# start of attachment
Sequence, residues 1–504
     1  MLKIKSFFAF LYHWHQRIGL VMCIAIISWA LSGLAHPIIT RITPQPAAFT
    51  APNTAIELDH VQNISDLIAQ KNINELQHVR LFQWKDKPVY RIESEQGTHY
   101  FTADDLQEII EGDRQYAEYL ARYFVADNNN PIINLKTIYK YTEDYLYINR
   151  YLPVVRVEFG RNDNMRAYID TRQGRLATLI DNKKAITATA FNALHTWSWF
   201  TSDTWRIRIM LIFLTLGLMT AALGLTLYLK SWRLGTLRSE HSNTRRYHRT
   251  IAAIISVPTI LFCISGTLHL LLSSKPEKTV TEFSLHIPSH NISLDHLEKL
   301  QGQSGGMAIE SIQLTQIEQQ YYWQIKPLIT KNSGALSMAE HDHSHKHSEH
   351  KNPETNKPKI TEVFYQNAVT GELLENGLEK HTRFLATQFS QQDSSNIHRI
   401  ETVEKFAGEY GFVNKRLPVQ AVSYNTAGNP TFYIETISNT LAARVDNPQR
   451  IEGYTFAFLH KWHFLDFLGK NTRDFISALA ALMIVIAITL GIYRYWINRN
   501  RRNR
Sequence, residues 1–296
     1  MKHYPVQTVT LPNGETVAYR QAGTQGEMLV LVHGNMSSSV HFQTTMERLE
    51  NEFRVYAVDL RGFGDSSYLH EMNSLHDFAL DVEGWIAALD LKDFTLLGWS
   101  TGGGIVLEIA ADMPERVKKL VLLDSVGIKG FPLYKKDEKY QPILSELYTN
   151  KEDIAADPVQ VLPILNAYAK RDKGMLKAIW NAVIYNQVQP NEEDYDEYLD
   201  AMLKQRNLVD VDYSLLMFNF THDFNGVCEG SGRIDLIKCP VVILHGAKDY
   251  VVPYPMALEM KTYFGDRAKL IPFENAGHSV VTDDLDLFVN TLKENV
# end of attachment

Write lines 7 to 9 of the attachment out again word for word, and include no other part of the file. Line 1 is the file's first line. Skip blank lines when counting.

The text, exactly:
   251  IAAIISVPTI LFCISGTLHL LLSSKPEKTV TEFSLHIPSH NISLDHLEKL
   301  QGQSGGMAIE SIQLTQIEQQ YYWQIKPLIT KNSGALSMAE HDHSHKHSEH
   351  KNPETNKPKI TEVFYQNAVT GELLENGLEK HTRFLATQFS QQDSSNIHRI